Alison Flood 

World Book Night authors choose extracts to be given away with their work

Stephen King picks Hesh Kestin and Terry Pratchett adds GK Chesterton to accompany their novels in million-book giveaway
  
  

Terry Pratchett would like us to sample GK Chesterton, Iain Banks is pushing Alan Moore and Roald Dahl's estate is keen on Sarah Waters. The authors chosen to be part of World Book Night on 23 April, when 1m books will be given away for free, have picked the books they themselves would recommend to readers – with Stephen King's ringing endorsement of obscure American crime novel The Iron Will of Shoeshine Cats as "the best book you never read" leading a British publisher to pounce on it.

From King's Misery to Kazuo Ishiguro's The Remains of the Day, Pride and Prejudice to The Secret Dreamworld of a Shopaholic by Sophie Kinsella, each of the 25 titles to be distributed in April by 20,000 volunteers is now also set to include a sample extract from another title selected by its author. King's pick of Hesh Kestin's The Iron Will of Shoeshine Cats – he calls it "The Godfather on laughing gas, or Catch-22 with guns … witty, sexy, thrilling, and all story" – will see two chapters of the book included in the back of the 40,000 copies of Misery distributed in April. Publisher Hodder & Stoughton couldn't miss out on the chance and has just acquired Kestin's 1960s New York tale about a college student who meets a notorious Jewish gangster, published in America in 2009 but previously ignored in the UK, for release on 12 April.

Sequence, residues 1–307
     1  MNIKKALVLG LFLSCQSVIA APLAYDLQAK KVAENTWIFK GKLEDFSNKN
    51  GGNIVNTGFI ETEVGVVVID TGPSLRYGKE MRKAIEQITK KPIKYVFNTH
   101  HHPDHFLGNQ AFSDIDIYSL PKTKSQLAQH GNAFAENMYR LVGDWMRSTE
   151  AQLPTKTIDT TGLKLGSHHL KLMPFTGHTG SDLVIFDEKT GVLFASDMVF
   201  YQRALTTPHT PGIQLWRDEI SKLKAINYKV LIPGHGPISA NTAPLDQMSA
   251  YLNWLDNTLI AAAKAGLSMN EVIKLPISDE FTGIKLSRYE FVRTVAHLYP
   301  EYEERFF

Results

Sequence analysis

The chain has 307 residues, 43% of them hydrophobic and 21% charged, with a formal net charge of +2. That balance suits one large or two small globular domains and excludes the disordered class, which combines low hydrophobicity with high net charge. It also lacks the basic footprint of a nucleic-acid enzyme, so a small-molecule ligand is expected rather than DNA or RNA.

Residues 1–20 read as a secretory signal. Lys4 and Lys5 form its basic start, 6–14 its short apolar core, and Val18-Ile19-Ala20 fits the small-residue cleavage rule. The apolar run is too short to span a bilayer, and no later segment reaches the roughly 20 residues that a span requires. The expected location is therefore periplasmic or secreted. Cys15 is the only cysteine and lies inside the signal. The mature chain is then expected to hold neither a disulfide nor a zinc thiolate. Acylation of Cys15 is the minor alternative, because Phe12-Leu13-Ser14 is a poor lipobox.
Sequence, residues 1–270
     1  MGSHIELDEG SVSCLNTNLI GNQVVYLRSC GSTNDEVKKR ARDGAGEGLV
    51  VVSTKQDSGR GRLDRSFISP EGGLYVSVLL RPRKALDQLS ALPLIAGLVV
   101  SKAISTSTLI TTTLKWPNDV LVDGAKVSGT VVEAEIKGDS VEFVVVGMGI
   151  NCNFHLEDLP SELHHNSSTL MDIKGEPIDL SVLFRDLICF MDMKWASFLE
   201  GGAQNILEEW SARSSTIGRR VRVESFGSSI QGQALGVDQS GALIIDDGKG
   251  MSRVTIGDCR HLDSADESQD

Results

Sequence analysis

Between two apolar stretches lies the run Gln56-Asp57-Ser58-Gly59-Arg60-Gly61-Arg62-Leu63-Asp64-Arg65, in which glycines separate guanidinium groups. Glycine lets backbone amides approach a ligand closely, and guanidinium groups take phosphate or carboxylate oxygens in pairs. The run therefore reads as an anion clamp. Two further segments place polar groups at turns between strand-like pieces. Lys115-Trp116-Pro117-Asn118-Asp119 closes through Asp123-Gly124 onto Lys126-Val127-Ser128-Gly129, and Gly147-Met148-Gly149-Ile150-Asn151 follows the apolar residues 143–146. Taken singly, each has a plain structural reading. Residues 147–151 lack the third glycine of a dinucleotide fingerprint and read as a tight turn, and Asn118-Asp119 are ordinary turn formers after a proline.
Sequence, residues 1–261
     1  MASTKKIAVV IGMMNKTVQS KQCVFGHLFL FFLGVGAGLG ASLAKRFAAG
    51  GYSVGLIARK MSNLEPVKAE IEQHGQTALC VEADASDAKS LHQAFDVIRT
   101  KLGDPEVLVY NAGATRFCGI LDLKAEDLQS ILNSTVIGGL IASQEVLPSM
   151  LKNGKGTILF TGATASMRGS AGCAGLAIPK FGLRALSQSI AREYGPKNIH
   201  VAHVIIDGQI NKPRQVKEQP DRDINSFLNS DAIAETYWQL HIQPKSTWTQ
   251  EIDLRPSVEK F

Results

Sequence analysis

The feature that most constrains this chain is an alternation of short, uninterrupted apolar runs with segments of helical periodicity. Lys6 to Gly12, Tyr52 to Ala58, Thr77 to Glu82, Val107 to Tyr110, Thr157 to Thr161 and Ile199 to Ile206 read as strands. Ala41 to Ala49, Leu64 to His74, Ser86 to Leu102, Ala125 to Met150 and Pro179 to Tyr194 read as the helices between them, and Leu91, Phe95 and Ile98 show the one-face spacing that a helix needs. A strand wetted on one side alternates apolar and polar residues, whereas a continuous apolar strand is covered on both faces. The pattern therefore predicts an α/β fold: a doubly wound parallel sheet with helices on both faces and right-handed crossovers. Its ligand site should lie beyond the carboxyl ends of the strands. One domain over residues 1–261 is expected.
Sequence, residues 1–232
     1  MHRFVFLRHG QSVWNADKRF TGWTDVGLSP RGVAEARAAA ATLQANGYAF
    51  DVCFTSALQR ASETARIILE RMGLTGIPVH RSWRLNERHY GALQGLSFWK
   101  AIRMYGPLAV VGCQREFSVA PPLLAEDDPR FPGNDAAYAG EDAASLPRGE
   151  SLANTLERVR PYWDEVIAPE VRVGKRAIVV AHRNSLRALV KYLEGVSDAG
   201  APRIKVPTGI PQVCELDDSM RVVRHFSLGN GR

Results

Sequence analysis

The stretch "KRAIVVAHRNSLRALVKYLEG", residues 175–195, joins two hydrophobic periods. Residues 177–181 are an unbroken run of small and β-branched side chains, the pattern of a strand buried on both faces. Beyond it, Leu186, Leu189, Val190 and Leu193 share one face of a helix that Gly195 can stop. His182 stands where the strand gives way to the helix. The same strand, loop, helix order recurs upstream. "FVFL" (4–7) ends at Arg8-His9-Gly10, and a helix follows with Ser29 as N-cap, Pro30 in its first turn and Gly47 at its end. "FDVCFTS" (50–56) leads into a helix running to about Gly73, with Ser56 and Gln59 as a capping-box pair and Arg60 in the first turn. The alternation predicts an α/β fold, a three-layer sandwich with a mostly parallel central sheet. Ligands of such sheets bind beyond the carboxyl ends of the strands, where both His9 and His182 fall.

King might have plumped for a recent novel to promote to readers, but other World Book Night authors are hoping to push older titles. Martina Cole has chosen an extract from Graham Greene's Brighton Rock, Kinsella is pushing EM Delafield's The Diary of a Provincial Lady and Ishiguro is hoping readers will be intrigued by Stefan Zweig's 1938 novel Beware of Pity. Further picks mean Jeanette Winterson's Oranges Are Not the Only Fruit will be sampled in Dodie Smith's I Capture the Castle, Jorge Luis Borges's The Aleph in Paulo Coelho's The Alchemist and Ann Patchett's State of Wonder in Emma Donoghue's Room.

"The idea is really very simple," said World Book Night chief executive Julia Kingsford. "World Book Night is all about encouraging people to embark on a reading journey and we believe that you're never more vulnerable to your next read as you are when you've just finished a book. We are really excited at the prospect of being able to put another great book into the hands, hearts and minds of new readers the minute they've finished their WBN book. Asking our World Book Night authors to recommend something seems like the perfect way to introduce new books and writers to readers and encourage people to keep on reading."

The award-winning poet Don Paterson has also chosen a Shakespeare sonnet for each book – themed "as much as possible" around each individual title – which will be printed in the books to mark Shakespeare's birthday, which coincides with World Book Night. Pride and Prejudice will feature Sonnet 116, "Let me not to the marriage of true minds / Admit impediments"; Donoghue's story of imprisonment is matched with Sonnet 133, "Me from myself thy cruel eye hath taken"; and The Remains of the Day with Sonnet 73, "In me thou see'st the twilight of such day / As after sunset fadeth in the west".

 

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